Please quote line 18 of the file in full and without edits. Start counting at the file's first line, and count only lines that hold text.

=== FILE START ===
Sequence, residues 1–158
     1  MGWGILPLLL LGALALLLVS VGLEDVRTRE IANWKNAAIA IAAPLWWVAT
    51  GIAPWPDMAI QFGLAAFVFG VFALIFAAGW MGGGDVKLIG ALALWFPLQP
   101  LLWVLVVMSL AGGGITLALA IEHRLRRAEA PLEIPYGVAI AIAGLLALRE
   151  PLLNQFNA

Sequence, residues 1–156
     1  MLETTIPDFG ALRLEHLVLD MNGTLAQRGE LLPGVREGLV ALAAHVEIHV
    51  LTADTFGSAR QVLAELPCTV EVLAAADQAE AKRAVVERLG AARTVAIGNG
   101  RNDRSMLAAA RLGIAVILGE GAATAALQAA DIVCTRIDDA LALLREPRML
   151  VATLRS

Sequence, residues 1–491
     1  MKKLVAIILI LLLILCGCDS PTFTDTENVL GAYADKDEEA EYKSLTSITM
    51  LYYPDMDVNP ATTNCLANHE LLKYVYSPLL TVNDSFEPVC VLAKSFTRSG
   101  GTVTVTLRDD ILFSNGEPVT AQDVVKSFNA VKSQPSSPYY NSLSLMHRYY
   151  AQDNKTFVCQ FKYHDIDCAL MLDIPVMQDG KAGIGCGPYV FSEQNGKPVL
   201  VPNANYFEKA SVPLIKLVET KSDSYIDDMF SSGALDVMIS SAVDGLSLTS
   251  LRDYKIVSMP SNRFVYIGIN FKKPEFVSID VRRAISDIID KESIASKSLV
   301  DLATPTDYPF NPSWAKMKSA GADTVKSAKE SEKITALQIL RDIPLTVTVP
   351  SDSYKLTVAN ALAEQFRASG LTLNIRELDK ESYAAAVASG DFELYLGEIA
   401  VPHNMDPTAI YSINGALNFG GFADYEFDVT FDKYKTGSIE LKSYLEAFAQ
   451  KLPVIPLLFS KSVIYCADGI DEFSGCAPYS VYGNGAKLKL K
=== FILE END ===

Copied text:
   301  DLATPTDYPF NPSWAKMKSA GADTVKSAKE SEKITALQIL RDIPLTVTVP